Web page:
Canadian Mining Journal

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DOING SOME DIGGING Hunting Elephants in the Mountains

"This is an elephant!" someone proudly pronounced referring to the Sullivan lead/zinc mine. For a hundred...


"This is an elephant!" someone proudly pronounced referring to the Sullivan lead/zinc mine. For a hundred years it produced billions of dollars-worth of metals for owner TECK COMINCO. But the deposit is exhausted, and the last shift rode the cage to the surface on Dec. 21, 2001.

If it is elephants you want, where better to find one than near where another has already been found? That is a way of saying that the mountains of southeastern British Columbia may host another huge, rich lead/zinc deposit among their folds.

The latest elephant hunter in the area is STIKINE GOLD CORP. of Vancouver. Diamond drilling began last April on the Sullivan Deeps project, only 4 km away from the old Sullivan mine.

Stikine is earning a 50% interest in the Sullivan Deeps property through a deal that involves a stock issue and exploration funding. Teck Cominco holds the remaining interest and is acting as operator. (Details available at www.stikinegold.com in the News Releases). Stikine has engaged Paul W. Ransom, who has over three decades of experience at the Sullivan mine, as project manager.

"All the exploration work done in the past indicates there is a mineralized corridor in this area that hosts a number of different deposits, and the evidence for the target that we’re chasing is based on over 30 years of exploration conducted while the Sullivan mine was in operation," said Scott Broughton, president & CEO of Stikine.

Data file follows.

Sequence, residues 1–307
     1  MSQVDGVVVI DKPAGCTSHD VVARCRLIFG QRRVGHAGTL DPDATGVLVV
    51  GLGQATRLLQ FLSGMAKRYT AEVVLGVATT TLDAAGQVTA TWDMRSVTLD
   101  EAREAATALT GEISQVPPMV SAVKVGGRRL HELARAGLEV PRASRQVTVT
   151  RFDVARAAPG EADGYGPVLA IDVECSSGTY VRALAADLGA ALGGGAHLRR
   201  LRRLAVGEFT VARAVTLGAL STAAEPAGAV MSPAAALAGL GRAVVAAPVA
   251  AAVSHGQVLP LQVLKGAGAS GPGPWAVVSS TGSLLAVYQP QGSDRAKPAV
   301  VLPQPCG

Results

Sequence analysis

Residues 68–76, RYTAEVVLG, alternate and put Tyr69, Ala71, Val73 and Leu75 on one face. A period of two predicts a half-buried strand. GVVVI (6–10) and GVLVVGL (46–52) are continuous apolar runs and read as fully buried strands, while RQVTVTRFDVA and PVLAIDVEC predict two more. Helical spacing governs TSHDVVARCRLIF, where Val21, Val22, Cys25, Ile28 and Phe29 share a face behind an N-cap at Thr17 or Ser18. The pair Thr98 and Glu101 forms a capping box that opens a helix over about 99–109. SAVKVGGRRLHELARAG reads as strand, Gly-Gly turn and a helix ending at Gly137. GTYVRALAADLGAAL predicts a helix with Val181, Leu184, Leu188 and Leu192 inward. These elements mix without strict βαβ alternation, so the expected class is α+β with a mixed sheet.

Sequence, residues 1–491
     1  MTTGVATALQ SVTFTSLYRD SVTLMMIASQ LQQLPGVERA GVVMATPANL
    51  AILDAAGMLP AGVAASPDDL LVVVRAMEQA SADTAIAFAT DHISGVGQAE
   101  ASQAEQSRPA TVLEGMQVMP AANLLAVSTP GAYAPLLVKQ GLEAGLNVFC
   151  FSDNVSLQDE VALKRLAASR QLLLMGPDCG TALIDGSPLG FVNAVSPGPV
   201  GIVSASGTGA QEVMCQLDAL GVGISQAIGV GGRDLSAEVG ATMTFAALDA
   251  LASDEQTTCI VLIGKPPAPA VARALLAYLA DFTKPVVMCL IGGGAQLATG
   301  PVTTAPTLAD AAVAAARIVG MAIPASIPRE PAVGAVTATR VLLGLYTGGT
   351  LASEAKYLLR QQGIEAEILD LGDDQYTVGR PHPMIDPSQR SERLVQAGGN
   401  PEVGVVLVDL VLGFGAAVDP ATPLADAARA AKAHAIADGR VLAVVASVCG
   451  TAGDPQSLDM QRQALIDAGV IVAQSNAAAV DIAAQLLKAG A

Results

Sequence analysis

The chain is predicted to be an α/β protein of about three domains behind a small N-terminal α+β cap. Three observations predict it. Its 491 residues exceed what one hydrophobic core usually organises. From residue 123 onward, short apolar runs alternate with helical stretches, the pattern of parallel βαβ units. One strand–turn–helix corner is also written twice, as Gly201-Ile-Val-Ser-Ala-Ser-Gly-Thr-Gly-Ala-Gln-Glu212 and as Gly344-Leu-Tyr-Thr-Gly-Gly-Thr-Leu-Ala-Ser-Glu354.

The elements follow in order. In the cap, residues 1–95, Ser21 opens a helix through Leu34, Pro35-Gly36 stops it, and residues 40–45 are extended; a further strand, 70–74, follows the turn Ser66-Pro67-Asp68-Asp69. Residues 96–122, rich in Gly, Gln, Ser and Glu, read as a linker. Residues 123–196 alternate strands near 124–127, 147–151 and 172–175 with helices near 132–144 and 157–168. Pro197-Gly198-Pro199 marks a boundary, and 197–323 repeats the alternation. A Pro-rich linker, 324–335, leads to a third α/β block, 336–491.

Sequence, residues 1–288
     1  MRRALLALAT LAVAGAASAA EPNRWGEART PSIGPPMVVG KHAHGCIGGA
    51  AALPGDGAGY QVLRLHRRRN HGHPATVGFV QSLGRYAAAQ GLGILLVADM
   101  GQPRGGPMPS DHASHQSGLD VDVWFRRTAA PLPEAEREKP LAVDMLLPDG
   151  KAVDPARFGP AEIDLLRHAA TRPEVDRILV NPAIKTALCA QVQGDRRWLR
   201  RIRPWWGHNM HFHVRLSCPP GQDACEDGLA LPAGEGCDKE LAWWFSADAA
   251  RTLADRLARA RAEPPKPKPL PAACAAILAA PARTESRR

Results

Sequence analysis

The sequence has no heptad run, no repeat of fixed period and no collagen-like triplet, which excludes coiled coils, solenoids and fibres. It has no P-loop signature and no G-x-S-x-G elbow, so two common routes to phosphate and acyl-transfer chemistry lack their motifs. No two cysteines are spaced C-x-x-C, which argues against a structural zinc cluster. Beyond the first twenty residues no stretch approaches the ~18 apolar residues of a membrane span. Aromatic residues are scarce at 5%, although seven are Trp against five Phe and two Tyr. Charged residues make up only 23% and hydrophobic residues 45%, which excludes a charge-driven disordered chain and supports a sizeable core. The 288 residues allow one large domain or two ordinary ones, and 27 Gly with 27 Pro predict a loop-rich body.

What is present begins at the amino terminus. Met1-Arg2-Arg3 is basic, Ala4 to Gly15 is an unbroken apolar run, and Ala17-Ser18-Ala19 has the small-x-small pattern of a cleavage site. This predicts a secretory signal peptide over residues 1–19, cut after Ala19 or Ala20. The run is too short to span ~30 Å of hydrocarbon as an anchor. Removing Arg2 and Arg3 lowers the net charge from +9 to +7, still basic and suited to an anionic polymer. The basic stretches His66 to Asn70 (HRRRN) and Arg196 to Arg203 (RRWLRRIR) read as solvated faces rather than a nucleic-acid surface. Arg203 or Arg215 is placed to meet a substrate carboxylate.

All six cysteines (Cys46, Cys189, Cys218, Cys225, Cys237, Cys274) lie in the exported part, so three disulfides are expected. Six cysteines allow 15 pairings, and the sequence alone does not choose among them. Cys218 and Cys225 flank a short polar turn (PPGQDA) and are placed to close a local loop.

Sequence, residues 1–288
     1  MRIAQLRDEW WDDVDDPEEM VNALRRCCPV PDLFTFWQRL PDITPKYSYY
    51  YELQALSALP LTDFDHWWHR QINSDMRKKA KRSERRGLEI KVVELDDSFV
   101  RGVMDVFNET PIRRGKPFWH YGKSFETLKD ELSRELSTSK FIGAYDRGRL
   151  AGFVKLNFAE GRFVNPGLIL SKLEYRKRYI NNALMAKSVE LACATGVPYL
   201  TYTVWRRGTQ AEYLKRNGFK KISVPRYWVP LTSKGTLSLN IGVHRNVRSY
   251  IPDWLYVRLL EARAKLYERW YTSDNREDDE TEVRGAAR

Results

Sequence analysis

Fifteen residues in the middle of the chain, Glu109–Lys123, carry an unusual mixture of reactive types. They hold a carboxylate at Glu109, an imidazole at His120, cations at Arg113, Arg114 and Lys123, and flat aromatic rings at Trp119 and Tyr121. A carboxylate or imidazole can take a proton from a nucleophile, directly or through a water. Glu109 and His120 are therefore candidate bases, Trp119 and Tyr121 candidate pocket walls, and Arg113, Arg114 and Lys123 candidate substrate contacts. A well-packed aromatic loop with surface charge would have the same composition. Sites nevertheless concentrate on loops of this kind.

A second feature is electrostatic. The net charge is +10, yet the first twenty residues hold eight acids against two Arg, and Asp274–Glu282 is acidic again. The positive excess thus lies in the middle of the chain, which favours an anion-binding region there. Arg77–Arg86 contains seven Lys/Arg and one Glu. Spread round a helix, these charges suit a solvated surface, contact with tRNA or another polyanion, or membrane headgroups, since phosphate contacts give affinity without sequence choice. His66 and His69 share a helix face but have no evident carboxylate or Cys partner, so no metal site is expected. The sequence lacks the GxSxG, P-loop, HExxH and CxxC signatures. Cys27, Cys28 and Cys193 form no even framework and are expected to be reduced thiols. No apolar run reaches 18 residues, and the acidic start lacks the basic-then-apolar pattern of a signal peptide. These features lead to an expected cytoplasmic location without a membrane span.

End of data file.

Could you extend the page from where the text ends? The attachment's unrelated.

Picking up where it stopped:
The exact location of the northerly extension of the Sullivan corridor has been difficult to predict in the past because of the Kimberley fault, which runs along the north side of the Sullivan mine. In 1996, an attempt by Cominco to find a possible Sullivan sister deposit proved unsuccessful because, it is now believed, that hole was located too far west of the target area.

A UTEM downhole geophysical survey was run in the hole. Results showed a large anomaly at the Sullivan Deeps target depth of 2,400 metres. They also seem to indicate that the target is located in the predicted extension of the Sullivan corridor.

Using Cominco’s archived examples of the various geological markers, and having samples from the 1996 drill hole, Stikine was able to determine the target depth of 2,400 metres by interpreting those core samples. As the current Sullivan Deeps hole is being drilled, Stikine has obtained the same series of markers, and recent results from these markers are very encouraging.

The hole began last April has passed a depth of 2,000 metres and intersected the Hiawatha Marker, a geologically important feature well-known to sit about 450 metres above the Sullivan deposit.

"The significance of these markers is that they demonstrate we are above a Sullivan horizon and we know exactly how far we have to go to get to that Sullivan time horizon. They indicate to us that we are on-track to hitting our target," explained Broughton.

Stikine is excited by the possibility of finding a sister deposit to the famous Sullivan. Until drilling reaches the target depth of 2,400 metres, no one knows for certain if the geological interpretation is on the money. Core from that depth may return assays providing the first tangible evidence if there is another elephant hidden in the Sullivan Deeps.


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